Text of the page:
Thar: Desert amidst the oasis of OTT cinema!

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Harsh Varrdhan Kapoor plays an antique dealer in Thar. Photo: Trailer Video Grab

The Western is a recognized genre in Hollywood. Hindi cinema is one of a kind, despite its diverse divisions like commercial, midstream and offbeat. But the problem is when filmmakers get too overawed and influenced by the wrong kind of international cinema, as a top filmmaker recently expressed. Western, if allowed to influence Hindi films, can also give us Sholay. But mix our cinema with noir (a genre predominantly from Europe and some specific other countries) and Hindi cinema is—usually—in trouble. Or rather, the audience is!

The entire assembly of cinema from the likes of Anurag Kashyap and his followers as well as names like Vishal Bhardwaj and Ram Gopal Varma (among others) clearly demarcates such movies from the films the audience has enjoyed and treasured over decades of truly evolving Hindi cinema.

And Thar is the latest in noir-inspired deviant motion pictures, of which there are just one too many examples in recent times. This especially after the advent of many such filmmakers who have come in during the last 20 years. Add their easy means of recovering their investments (read OTT platforms like Netflix in particular!) and feathering their nests to make even more of such fare!

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The plot of this Western-meets-noir movie posing as Hindi cinema becomes, thus, far-less relevant than the kind of content seen in it. Here are the top examples: 1. Giant spikes are graphically shown being hammered into a man’s feet. 2. Two men are burnt alive. 3. A rat chews on human living flesh as it is trapped in a bucket tied tightly to a man’s waist.  4. One ear is sliced off. 5. A finger is chopped off. 6. A man is butchered and hung from a tree. Or maybe he is hung and then butchered. What difference does it make?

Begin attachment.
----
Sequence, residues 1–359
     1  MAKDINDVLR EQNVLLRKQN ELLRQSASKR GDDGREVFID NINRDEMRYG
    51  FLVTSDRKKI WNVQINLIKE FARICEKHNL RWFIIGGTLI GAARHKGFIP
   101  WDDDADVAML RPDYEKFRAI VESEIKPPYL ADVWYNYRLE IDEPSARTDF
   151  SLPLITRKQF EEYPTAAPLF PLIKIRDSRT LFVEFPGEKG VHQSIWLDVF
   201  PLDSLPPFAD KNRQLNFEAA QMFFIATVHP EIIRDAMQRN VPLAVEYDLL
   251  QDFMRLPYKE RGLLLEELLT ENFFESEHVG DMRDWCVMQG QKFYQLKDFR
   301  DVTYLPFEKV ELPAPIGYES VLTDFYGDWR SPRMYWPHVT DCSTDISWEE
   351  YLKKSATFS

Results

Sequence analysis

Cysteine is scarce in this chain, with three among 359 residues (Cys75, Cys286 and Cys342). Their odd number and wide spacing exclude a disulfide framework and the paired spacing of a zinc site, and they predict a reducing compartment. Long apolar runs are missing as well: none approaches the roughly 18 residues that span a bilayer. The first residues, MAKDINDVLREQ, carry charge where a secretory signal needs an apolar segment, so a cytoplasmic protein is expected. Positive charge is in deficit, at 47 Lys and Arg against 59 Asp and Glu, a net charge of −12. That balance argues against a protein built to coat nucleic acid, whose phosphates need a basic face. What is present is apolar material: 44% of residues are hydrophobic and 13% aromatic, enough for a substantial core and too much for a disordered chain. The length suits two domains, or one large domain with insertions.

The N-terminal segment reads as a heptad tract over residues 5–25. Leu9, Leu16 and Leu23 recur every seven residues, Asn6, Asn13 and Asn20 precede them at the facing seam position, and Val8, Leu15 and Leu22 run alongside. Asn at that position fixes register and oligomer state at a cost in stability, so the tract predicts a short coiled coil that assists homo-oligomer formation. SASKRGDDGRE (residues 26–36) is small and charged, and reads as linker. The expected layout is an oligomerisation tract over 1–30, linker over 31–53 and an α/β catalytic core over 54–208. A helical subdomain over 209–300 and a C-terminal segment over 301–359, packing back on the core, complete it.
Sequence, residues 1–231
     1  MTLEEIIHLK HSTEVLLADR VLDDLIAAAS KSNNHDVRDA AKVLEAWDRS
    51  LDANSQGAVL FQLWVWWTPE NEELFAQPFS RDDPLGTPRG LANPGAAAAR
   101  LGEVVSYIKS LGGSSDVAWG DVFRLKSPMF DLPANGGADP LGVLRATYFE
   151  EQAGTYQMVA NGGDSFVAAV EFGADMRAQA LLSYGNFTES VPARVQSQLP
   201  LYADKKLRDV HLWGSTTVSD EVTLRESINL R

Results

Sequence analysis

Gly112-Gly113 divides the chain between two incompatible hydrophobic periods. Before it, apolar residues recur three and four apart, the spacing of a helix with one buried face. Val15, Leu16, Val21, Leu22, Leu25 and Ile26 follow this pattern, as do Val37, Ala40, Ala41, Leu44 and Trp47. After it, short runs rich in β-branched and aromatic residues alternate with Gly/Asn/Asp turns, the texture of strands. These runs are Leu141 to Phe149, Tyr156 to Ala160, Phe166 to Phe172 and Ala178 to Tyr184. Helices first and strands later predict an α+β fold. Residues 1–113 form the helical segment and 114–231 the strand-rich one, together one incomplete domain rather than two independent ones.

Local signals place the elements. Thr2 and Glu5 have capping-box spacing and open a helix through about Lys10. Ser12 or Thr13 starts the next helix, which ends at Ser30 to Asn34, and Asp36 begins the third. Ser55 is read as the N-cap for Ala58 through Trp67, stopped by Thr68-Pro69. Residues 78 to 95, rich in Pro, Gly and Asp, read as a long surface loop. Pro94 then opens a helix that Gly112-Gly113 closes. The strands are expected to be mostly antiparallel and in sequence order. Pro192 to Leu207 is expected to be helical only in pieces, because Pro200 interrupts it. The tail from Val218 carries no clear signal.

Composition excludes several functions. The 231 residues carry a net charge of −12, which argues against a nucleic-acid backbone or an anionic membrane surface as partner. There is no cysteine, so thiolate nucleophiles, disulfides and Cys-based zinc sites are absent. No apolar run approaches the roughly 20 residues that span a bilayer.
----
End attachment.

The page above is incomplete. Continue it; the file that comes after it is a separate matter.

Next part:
And what is the plot like? A policeman posted for long in a village (Anil Kapoor) is jolted out of his years of complacency with a brutal murder, and a series of deplorable incidents in a village close to the Rajasthan-Pakistan border. Then there is rampant opium smuggling going on across this border, led by a Pakistani named Hanif Khan (Rahul Singh). So wonder why the cops were still lazing around for years?

But leave it, for we are in Anurag Kashyap’s protégé, actor turned writer-director Raj Singh Chaudhary’s terrain (with Kashyap as “dialogue” writer), not John Matthew Matthan’s Sarfarosh mode. So we focus on the vendetta angle, to get to which you have to bear this cringe-worthy saga of 108 minutes.

We have this mysterious young man named Siddharth (Harsh Varrdhan Kapoor) who claims he is a dealer in antiques. He is loaded, and offers three villagers good money for jobs in the city. They leave with him. But he returns to stay in the first man (Jitendra Joshi)’s hut, with his sexually-deprived and infertile wife (Fatima Sana Shaikh), stating that her dominating husband has suggested that he stay there for a while.

And what of the violent sequences we mentioned? They fit somewhere into this plotline and its conclusion!

The tragedy of such grotesque narratives is the few virtues that come up in them. Anil Kapoor is gritty as the cop, a tad scared, sometimes perplexed, often gutsy, wry in his resigned posting and lack of promotion. The cinematography (Shreya Dev Dube with Jay Oza and Swapnil Sonawane) emits a haunting atmosphere when needed, and captures the arid vistas of the Thar desert (after which this film is named!) as well as dark indoors brilliantly. Ajay Jayanthi’s background music is largely effective. And Fatima Sana Shaikh is scorching and desolate as needed.

If you are ‘valorous’ enough to watch such fare, go ahead. But discretion is as always the better part of such valor!

Rating: *

Netflix presents Anil Kapoor Film & Communication Company’s Thar  Produced by: Anil Kapoor & Harsh Varrdhan Kapoor Directed by: Raj Singh Chaudhary  Written by: Raj Singh Chaudhary & Anurag Kashyap  Music: Ajay Jayanthi  Starring: Anil Kapoor, Harsh Varrdhan Kapoor, Fatima Sana Shaikh, Satish Kaushik, Jitendra Joshi, Rahul Singh, Nivedita Bhattacharya, Mukti Mohan, Akshay Oberoi, Akkshay Gunawat & others

 

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